Thirdly, I cannot stress enough the importance of communicating with your tutors when you need some guidance. Your tutors are there to support you in every way possible so you must use this to your advantage. I did find in my second year that I needed more support as I wanted to ensure that my submissions were of a high standard and with the help of my tutors, as well as the learning development team, I did just that. As you will probably be aware by now as you enter your second year, moving to university results in a much greater degree of independence; for some this will be welcomed, and for others… not so much. However, it is important to realise that you must not leave it too long before you ask for help if you need it. During the first term of my second year I regularly visited the learning development team and my tutors for advice when planning and writing my essays. This was extremely beneficial as it enabled me to understand what is expected of me and it also helped me get back into the swing of things, especially after the long summer we have had. This is going to be even more important this year as the UK lockdown has meant that we have had even longer time away from the university environment. There is never any shame in asking for help so if you feel like you need it, just ask and support will be there.

Lastly, in your second year, you should begin thinking and exploring your potential dissertation topics. This mainly became significant for me after Easter as I began thinking about what I have enjoyed studying and what I have found the most interesting since studying History at University. It is so important to select a topic which you find interesting as ultimately you are going to have to motivate yourself to do the research and write the words and choosing something that you enjoy will certainly help alleviate some stress in the future. When my tutors first began mentioning our dissertations, I was nervous and shocked by how quickly time had gone as I knew my dissertation marked the end of my undergraduate studies and time at Portsmouth University. The thought of writing a 10,000-word dissertation honestly intimidated me and I began doubting my abilities to complete the task. However, if, like me, you feel intimidated by the prospect of writing a dissertation, you must remind yourself that you are more than capable and that your skills as a historian will have vastly improved by the end of your second year, more than you probably even realise. Whilst it might seem that the level of difficulty in work increases throughout university, your skill level also increases in tandem and so you can always meet the challenge. At this stage in the year, it is a more important time than ever to start contacting your tutors and asking for advice as this will certainly be unknown territory.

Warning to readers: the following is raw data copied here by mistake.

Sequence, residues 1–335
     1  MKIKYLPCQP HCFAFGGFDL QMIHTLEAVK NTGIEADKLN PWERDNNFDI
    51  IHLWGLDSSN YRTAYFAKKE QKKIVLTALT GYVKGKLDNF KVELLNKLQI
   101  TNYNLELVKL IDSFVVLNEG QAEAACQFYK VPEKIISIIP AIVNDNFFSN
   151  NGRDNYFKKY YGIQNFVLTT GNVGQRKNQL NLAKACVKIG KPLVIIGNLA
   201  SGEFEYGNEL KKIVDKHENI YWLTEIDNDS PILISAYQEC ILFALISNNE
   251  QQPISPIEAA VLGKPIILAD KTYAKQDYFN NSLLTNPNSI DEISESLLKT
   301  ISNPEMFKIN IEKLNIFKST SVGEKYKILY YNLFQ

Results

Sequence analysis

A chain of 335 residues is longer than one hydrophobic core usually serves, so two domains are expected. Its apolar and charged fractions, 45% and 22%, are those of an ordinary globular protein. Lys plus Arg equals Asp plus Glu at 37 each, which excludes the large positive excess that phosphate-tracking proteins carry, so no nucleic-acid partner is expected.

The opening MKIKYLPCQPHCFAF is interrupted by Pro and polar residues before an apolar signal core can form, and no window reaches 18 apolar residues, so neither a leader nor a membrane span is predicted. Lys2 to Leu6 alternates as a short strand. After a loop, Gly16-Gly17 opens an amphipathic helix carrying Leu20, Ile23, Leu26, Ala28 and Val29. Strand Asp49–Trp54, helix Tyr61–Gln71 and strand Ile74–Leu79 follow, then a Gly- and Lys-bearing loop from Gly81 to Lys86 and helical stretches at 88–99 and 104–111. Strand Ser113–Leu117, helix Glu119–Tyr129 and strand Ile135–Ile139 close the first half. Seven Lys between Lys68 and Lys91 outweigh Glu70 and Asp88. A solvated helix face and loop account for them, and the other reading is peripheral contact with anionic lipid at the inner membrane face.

The second year was initially very daunting for me and so it is my hope that these few tips will help guide you through and let you avoid some of the pitfalls. Of course, everyone works differently and so you will need to find what works for you but hopefully this might be a starting point.

Good luck – you will succeed!!